Tuesday, January 21, 2014

Matchmaker, matchmaker make me a match...

January 21, 2014

matchmaker, matchmaker make me a match, find me a find, catch me a catch.

If you were not humming the familiar tune of Fiddler on the Roof as you read that, I suggest catching up on classic musicals as a worthwhile hobby this week.

Also, that song is becoming more and more applicable to me as a missionary. No, not like THAT, but because I often feel like a matchmaker for our investigators. --Let me explain.

People often have the desire to hear our message, but have a hard time accepting the commitment to come to church. Why, you ask? Because they feel uncomfortable going to an unfamiliar church in an unfamiliar building to attend a service that is currently unfamiliar to them. So we try to make them feel more comfortable. How, you ask? By introducing them beforehand to people that are going to be there. Who, you ask? (Wow, you are just full of questions today, aren't you?) The members!

But not just any member. No, we handpick the most ideally suited-to-your-needs-and-personality member that we know of, and set up a place and time where we can all meet together. Hence- I feel the thrills of matchmaking the investigators that I adore with the members I so admire. This is where my story begins today.

So we have this amazing family investigating the church. We've been teaching them for a couple months now, but we haven't been able to think of juuuuuust the right family to introduce them to. Then, during a lesson, the dad said something that sparked a name into my brain, and we immediately informed an amazing family that lives in our ward: we’ll call them the Ramos family.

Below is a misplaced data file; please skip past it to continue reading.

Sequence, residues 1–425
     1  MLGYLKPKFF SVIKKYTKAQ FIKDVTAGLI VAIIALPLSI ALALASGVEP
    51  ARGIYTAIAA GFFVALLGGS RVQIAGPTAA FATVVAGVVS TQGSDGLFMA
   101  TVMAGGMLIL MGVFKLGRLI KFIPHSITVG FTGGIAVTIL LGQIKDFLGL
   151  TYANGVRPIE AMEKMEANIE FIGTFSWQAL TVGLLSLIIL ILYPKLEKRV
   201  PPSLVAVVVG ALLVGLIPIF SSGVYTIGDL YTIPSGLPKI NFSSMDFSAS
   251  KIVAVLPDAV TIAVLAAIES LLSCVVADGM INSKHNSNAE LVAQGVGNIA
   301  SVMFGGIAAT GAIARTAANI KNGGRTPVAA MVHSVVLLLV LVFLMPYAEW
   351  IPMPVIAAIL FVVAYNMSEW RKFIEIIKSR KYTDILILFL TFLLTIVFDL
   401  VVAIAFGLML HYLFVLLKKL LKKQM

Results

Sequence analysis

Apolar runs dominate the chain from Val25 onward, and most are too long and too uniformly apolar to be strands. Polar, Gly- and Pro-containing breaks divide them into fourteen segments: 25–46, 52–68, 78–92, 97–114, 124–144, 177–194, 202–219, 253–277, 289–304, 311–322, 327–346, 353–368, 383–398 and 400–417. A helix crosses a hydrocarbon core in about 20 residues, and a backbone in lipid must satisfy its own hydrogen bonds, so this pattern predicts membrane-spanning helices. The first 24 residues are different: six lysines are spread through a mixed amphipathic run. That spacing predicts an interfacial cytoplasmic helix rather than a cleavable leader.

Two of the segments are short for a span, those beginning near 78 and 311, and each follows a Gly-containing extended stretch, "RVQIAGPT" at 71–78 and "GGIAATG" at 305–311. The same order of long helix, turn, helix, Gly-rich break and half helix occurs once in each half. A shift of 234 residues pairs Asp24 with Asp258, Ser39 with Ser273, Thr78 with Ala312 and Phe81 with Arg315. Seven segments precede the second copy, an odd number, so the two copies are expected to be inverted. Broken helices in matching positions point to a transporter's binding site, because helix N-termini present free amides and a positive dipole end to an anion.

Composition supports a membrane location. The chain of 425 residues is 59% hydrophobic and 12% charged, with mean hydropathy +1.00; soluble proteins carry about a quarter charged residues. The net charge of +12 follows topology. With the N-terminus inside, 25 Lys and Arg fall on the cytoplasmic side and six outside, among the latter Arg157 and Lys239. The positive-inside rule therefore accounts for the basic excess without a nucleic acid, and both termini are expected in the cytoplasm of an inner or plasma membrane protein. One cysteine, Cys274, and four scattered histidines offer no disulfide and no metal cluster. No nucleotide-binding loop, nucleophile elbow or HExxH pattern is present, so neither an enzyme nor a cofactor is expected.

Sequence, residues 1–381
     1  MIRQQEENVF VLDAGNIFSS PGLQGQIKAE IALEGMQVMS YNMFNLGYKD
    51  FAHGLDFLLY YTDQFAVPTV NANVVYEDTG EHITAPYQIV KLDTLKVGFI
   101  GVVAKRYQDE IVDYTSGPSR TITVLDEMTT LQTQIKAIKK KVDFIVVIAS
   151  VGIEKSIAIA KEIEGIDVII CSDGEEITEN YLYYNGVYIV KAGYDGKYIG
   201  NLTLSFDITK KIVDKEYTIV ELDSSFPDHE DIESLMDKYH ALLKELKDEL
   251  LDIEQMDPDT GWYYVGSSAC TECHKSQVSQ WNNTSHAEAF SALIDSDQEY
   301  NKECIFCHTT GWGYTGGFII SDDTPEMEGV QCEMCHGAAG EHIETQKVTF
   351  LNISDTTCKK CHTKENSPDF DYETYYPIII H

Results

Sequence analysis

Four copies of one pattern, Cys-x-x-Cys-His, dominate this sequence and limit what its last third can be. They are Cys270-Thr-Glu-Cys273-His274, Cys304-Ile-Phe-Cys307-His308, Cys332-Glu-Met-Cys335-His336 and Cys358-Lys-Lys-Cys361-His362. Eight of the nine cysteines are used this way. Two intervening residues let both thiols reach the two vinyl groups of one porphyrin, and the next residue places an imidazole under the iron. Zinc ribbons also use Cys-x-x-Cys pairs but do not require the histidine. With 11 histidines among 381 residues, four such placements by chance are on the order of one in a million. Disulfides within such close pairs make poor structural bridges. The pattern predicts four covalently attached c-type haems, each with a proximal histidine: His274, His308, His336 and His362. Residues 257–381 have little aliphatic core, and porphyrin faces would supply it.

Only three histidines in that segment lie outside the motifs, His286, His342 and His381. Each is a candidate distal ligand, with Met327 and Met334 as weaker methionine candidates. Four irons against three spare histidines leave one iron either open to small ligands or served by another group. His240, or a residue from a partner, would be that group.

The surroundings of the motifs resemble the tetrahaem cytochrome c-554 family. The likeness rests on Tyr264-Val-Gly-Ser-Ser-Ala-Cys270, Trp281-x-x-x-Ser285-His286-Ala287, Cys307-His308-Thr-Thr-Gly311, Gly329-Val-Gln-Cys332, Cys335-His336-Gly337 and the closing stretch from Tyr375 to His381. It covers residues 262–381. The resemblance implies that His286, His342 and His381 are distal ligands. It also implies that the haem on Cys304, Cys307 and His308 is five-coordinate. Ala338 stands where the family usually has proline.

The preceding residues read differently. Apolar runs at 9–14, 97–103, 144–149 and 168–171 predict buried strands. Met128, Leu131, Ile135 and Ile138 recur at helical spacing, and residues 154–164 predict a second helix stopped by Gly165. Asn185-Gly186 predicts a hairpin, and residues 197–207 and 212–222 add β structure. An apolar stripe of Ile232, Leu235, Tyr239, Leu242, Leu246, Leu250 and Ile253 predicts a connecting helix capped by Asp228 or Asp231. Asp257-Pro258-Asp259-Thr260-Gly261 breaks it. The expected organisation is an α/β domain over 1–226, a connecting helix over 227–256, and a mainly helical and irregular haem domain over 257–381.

Well, the day comes when our investigator family (let's call them the Hernandez family) and the Ramoses are supposed to meet at the Ramos home.

Enter stomach full of butterflies. I feel like this is a blind couple-date and if it doesn't go well then our investigators will never come to church and miss out on all of the blessings....but no pressure or anything.

So the Hernandezes come, and we walk them up to the door of the Ramos' house.
we enter.
we sit.
they immediately get along and-start-talking-so-fast-that-they-barely-have-pauses-in-between-words.


But this wasn't the best part. Better than them both being 27 and 33 years old (wives and husbands respectively), the same number of kids, kids the same ages, and the same life experiences (true story), was the most tender moment I think I have seen on mission.

Brother Ramos was talking to Brother Hernandez about how far he and his wife had come from a life completely different to the one they are living now. He emphasized their struggles and flaws and horrible situations that they had overcome through the gospel and joining the church. He then stops, looks at his wife, holding their month-old baby, and says to our investigators: "I love my wife. She is an incredible mother, partner, and person. I am SO proud of her and who she has become, I love her so much."

The wife's eyes filled with tears and I saw between them a love that had blossomed inspite of situations and events that I cannot even begin to describe. I could hear the pride in his voice as he professed how much she meant to him, and I could see an eternal tie between them. I wondered how they would have felt five years ago when their lives were completely different, to see that evening together, and how far they had come. I'm sure they would have thought it was impossible to change and grow so much, but with the miracle of the gospel, they have both changed completely. I am so grateful for that moment of such pure love, and for the gospel of Jesus Christ that makes it possible.

-Hermana Thomas

1 comment:

  1. What a great idea to match investigators with families in the ward! So brilliant and of course she writes about it so eloquently! Inspirational!